For Parents

The secret

Secrets have become an important therapeutic theme in cases of child abuse. Sometimes the child refuses to talk about the abuse because he or she has been told that it is a secret that must remain between him or herself and the abuser, or in the family. That’s why it’s important to explain to children what ‘good secrets’ and ‘bad secrets’ mean.

One of the biggest obstacles to getting children to describe what they have been through is that the abuse has in most cases been kept secret and associated with shame and threats.

E.g., “Diana kept the abuse she was subjected to by her father a secret for 12 years. He threatened her that if she said anything then he would abuse her sisters too. From age 6 to 18 she kept what was going on between her and her father a secret. It was all revealed that he was actually abusing her sisters at the same time.”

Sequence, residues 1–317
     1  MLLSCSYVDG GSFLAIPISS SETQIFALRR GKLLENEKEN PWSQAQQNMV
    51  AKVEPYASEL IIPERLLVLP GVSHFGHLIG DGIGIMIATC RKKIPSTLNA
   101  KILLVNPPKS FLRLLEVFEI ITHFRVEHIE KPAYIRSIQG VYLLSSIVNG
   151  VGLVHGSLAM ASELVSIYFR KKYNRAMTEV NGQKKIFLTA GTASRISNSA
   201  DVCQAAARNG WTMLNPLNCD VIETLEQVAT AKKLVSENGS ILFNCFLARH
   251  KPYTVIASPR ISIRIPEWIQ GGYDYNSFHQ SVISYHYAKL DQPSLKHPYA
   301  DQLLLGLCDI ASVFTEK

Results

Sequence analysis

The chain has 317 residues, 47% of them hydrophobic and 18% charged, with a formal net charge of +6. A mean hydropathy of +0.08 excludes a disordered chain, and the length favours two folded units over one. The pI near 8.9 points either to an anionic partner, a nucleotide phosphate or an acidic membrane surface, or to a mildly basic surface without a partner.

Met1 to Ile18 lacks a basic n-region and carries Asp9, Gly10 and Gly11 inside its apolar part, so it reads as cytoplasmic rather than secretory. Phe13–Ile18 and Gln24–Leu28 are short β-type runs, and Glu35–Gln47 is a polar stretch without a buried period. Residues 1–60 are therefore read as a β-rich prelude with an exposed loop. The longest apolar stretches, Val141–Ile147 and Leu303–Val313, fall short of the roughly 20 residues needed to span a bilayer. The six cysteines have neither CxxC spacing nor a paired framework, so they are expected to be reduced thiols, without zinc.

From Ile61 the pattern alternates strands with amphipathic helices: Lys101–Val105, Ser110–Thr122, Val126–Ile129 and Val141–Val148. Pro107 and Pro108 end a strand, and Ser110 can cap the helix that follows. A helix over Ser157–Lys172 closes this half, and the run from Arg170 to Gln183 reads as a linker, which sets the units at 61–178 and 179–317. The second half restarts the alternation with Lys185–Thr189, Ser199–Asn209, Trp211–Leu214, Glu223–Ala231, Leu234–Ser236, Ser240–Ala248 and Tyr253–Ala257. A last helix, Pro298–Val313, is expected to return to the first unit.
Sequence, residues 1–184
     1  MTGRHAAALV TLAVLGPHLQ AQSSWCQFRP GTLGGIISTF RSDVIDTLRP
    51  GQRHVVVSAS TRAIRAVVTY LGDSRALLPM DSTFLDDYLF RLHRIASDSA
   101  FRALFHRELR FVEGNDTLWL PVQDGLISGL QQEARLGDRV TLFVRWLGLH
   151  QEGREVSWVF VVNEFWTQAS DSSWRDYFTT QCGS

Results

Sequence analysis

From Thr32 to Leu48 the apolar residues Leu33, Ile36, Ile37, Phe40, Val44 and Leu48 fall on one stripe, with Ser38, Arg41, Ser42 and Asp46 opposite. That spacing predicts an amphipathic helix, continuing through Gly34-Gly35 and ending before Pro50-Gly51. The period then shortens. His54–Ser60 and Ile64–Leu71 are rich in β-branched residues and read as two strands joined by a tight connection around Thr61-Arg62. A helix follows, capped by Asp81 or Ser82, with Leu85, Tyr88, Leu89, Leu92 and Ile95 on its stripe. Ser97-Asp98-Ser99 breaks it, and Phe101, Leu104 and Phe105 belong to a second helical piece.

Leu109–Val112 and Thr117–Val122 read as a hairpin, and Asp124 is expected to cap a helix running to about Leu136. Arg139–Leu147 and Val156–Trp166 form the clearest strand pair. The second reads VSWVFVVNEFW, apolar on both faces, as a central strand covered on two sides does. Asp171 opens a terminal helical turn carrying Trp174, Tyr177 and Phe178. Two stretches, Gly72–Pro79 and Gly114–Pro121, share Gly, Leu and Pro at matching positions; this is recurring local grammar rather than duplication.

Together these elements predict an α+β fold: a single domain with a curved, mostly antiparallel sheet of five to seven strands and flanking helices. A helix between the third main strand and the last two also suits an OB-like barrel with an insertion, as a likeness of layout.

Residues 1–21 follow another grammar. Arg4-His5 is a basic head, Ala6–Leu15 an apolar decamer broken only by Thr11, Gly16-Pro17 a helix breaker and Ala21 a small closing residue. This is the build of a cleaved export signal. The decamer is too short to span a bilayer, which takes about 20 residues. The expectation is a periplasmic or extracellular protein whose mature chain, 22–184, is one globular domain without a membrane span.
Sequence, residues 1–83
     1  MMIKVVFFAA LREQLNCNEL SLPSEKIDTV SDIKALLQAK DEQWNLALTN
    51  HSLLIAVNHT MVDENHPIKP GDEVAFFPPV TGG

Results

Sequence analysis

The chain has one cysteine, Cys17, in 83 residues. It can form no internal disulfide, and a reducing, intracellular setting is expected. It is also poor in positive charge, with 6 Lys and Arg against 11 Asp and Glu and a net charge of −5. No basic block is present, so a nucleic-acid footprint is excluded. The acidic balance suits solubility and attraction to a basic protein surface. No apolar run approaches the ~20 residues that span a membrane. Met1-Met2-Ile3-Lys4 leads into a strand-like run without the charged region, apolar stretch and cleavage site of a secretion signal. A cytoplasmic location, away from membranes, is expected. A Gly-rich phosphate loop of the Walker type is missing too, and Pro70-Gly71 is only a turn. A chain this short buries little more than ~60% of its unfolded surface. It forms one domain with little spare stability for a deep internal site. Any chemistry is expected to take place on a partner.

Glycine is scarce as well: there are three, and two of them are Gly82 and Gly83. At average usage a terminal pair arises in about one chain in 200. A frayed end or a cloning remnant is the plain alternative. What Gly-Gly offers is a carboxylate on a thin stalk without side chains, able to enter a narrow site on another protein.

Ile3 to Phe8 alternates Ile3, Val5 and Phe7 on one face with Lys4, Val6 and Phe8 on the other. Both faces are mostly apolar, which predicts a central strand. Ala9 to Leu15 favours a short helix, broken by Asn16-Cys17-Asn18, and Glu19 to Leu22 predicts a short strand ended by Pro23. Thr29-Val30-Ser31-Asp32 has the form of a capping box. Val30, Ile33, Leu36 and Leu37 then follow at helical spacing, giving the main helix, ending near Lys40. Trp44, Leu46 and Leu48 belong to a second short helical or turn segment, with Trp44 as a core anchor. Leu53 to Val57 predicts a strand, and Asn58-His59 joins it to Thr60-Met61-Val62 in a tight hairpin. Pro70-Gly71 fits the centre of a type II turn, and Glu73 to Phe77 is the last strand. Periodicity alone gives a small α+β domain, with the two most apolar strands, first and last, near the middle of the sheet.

“Irina kept her stepfather’s abuse a secret for three years until her grandmother noticed certain changes in her disposition. Threats of beatings and killing her mother prompted her to keep it a secret.”

A story about good and bad secrets can help your child. Good secrets are tempting, it’s even good to surprise mum or a loved one by buying them a present and keeping it a secret until their birthday. But bad secrets can give you nightmares, scare you and worry you. Children shouldn’t keep secrets like that. They must be told to an adult, even if they have promised not to tell anyone, otherwise they will be hard to forget and the fear will not go away.

There is a possibility that some children may not feel ashamed or guilty, they may simply decide they have nothing to talk about. In this case we should not insist that they talk to us. The therapist in such cases can tell them what they know or what has been reported to them from police investigations or other sources.



Bibliography: „Proceduri de lucru pentru recuperarea psiho-socială a copilului victimă – Ghid pentru profesioniști”, Save the Children Association Iasi, september 2015